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V is for more than Valentine

Monologues aims to draw women together in Forest Grove and beyond


by: COURTESY PHOTO - Eve Ensler first staged The Vagina Monologues in 1996. Since then, its become a popular Valentines Day production on college campuses, including Pacific University. There is a movement rising worldwide and it involves one billion vaginas.

Every year around Valentine's Day, playwright Eve Ensler's hilarious, tragic, poignant, irreverent, shocking, moving and profoundly meaningful “The Vagina Monologues” is performed on hundreds of college campuses around the world as part of an international campaign to end violence against women.

Pacific University in Forest Grove last presented it in 2010 and will stage it again this week, Feb. 7-9.

Sponsored by the Center for Gender Equity and Department of Theater and Dance, the production this year earned its own winter-term class, taught by costume designer, director and vagina know-it-all, Caitlin Quinn.

Performing in “The Vagina Monologues” for the first time two years ago changed Quinn's life, she said. Since, then it has been her dream to help other women get on stage and learn to feel comfortable and confident in their bodies. “It is so much about self-love,” she said.

“The whole concept is to open up conversation about women and their vaginas,” said Quinn. “To give women an avenue and space to talk about themselves, so they can come out on top, strong and more empowered.”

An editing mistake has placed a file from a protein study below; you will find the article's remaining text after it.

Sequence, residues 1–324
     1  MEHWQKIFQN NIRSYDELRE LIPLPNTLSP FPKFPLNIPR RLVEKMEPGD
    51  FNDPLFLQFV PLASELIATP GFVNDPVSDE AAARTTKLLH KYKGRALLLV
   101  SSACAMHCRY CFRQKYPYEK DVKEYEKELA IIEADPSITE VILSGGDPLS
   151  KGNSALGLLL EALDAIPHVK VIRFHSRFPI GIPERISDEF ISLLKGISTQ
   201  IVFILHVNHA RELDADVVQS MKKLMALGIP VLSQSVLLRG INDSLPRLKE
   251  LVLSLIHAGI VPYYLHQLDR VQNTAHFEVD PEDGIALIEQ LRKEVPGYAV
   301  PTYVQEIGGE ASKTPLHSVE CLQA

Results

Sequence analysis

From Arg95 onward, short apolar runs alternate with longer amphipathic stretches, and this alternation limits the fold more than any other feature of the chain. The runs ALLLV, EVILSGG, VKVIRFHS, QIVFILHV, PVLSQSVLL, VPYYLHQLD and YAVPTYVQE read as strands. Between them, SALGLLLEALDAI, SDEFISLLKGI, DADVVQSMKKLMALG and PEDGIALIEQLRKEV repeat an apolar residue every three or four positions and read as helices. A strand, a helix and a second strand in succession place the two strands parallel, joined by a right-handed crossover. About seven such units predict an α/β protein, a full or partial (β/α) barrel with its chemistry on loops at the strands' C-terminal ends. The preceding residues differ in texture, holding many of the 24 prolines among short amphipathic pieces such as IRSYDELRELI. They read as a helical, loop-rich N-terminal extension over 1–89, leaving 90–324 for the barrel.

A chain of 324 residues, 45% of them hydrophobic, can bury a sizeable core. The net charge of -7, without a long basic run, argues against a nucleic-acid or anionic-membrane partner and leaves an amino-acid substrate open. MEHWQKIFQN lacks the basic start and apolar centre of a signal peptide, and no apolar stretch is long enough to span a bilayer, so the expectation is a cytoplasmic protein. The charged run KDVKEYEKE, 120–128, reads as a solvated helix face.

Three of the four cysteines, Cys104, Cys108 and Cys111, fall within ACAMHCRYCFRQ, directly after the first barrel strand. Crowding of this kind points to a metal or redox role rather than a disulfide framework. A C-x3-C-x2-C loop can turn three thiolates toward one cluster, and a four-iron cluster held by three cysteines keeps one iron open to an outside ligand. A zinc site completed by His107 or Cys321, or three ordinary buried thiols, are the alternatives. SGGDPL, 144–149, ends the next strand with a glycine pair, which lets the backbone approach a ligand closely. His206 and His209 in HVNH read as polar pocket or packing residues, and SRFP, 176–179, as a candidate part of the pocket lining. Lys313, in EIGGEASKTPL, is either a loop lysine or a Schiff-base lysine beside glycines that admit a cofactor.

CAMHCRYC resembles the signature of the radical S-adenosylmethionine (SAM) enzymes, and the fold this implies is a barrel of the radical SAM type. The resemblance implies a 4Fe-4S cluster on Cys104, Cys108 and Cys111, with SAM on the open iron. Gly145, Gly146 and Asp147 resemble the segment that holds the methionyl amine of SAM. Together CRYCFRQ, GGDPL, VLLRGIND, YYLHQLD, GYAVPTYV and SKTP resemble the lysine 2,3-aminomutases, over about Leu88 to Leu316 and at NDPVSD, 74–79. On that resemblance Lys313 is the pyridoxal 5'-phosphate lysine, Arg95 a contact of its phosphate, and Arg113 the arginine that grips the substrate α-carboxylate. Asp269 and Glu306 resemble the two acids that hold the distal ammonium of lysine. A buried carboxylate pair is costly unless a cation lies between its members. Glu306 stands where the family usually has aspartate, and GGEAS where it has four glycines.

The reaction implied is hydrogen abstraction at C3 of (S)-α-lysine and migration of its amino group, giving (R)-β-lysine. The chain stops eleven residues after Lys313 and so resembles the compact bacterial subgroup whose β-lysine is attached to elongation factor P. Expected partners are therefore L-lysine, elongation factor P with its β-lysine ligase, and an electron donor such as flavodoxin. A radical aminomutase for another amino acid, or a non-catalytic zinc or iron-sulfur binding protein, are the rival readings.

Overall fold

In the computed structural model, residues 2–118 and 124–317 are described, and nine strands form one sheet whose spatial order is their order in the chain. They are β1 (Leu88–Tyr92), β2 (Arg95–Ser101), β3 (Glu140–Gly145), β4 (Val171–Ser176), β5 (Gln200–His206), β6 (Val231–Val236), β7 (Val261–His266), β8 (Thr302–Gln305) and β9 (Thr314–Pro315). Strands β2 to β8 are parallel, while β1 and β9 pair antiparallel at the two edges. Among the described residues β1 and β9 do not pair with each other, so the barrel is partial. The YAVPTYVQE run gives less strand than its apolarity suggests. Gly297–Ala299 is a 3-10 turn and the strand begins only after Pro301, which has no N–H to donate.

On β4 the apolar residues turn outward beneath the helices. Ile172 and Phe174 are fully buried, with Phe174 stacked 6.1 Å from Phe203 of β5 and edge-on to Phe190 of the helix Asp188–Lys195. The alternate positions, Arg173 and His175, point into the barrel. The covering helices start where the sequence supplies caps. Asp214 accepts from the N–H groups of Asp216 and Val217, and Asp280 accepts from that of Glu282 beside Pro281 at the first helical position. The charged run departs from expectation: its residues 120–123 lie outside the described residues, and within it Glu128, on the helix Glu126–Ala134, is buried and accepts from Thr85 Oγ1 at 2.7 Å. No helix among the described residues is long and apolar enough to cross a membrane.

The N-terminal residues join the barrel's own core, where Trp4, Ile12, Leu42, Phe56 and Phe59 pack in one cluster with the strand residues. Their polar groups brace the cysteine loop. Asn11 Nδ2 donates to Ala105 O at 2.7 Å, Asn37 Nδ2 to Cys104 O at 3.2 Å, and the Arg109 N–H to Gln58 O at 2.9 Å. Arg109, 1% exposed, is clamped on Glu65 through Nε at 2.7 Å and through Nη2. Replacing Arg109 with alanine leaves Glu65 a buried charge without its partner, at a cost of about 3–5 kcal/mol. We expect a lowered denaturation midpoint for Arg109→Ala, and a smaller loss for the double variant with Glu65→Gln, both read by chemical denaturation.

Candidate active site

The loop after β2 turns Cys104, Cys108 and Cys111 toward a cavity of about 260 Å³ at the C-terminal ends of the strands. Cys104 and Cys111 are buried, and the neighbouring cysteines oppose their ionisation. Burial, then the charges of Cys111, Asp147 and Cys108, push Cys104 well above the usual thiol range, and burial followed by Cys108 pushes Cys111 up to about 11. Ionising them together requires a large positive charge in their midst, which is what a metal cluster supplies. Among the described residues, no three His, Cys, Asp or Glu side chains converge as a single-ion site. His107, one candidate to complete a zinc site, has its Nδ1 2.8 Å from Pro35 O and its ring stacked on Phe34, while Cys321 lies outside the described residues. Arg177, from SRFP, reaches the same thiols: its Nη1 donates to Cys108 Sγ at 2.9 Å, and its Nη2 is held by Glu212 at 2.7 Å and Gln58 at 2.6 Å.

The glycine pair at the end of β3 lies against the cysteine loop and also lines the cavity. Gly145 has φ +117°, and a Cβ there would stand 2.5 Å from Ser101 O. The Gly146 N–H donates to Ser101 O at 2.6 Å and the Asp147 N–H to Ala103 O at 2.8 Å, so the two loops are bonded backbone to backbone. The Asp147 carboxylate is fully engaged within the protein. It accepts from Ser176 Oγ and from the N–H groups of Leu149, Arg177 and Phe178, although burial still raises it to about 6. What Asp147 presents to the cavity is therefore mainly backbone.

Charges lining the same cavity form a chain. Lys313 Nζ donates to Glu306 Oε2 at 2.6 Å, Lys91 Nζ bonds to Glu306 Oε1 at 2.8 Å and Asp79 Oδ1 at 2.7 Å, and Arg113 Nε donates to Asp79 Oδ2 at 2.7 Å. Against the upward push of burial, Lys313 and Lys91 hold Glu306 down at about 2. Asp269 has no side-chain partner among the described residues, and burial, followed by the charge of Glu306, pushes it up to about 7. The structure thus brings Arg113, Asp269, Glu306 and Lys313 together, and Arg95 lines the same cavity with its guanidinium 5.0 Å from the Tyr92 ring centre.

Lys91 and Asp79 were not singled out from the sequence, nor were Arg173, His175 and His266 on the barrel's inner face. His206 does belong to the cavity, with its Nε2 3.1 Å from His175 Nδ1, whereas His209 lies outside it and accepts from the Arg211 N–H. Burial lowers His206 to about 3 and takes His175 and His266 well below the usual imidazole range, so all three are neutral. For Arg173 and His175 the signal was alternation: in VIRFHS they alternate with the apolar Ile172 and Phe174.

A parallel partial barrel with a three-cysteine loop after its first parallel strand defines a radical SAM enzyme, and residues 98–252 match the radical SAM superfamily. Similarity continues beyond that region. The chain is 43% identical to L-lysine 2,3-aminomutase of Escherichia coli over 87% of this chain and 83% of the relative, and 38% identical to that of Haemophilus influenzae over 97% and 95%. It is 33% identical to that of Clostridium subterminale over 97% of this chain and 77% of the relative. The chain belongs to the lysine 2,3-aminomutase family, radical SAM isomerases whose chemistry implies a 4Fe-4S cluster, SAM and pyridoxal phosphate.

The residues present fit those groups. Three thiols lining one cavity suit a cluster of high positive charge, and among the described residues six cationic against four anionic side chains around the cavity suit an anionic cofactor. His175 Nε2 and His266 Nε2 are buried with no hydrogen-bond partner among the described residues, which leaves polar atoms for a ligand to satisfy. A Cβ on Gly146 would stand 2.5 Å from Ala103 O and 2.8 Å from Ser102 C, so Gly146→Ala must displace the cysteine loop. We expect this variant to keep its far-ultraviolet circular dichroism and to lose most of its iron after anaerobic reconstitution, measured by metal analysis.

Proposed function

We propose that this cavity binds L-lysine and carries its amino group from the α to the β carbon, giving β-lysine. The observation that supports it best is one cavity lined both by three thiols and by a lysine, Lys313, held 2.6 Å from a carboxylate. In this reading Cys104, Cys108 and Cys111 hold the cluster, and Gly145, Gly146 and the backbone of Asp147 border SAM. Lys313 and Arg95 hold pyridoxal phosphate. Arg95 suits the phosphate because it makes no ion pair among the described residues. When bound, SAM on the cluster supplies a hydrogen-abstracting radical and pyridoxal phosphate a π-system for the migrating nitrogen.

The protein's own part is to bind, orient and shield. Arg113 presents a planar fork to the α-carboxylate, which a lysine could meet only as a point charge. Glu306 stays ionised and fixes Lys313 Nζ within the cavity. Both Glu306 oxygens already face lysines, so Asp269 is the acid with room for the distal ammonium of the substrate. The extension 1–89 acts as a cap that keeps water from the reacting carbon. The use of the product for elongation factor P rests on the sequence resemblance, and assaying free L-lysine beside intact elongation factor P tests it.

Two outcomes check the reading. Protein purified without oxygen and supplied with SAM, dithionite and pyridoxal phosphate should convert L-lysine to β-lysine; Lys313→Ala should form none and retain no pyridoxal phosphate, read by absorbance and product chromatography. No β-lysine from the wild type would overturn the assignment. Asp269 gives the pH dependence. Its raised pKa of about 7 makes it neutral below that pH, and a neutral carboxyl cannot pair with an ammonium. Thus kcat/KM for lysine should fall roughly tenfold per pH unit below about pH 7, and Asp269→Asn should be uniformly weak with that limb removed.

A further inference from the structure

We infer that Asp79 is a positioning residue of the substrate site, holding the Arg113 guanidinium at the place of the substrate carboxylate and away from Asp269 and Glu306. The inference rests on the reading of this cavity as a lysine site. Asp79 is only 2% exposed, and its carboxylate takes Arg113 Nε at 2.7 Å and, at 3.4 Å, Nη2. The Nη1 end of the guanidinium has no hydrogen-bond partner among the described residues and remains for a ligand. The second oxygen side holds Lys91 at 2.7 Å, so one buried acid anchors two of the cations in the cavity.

While it might sound powerful, try conveying that to class and cast full of awkward, wide-eyed freshmen that include 11 females and one male, said Quinn, who runs Pacific’s costume design program.

“It can be shocking to anybody at anytime when it's a new concept for them,” said Quinn. She remembers how empowering it was to be on stage and get out of her comfort zone.

Ensler's episodic play premiered in New York in 1996 and has since been translated in 20 countries including China, South Africa, and The Phillippines. Ensler’s goal is to get one billion women — the same number of women alive today who will be abused, raped or disrespected in their lifetimes, she says — to rise up on "V-Day" and demand an end to such violence. The "Monologues" performances are part of that.

The actual monologues — performed by a variety of women — touch on issues of sex, love, rape, menstruation, slurs, female genital mutilation, birth, masturbation and orgasm. They include humor, comparing male and female body parts, for example, with the line "who needs a handgun when you've got a semi-automatic?"

Monologues range from “I Was Twelve, My Mother Slapped Me,” a chorus about girls' first menstrual period; to “My Vagina was My Village,” testimonies of Bosnian women subjected to rape crime; to the climactic “The Woman Who Loved to Make Vaginas Happy,” wherein a female sex worker demonstrates the different moans she induces.

Quinn said the play is funny because it's true. It’s also an opportunity for more women to break social barriers by sharing something intimate with a group of people.

“Most students are not anywhere comfortable with their bodies,” said Quinn. Her challenge was to get them to a safe, comfortable place where the ladies (and man) could work through some of those boxed emotions and feelings of shame surrounding our bodies and ultimately, come out stronger.

“If they are okay to get up on stage and talk about the vagina,” Quinn said, “then the show is going to be great.”




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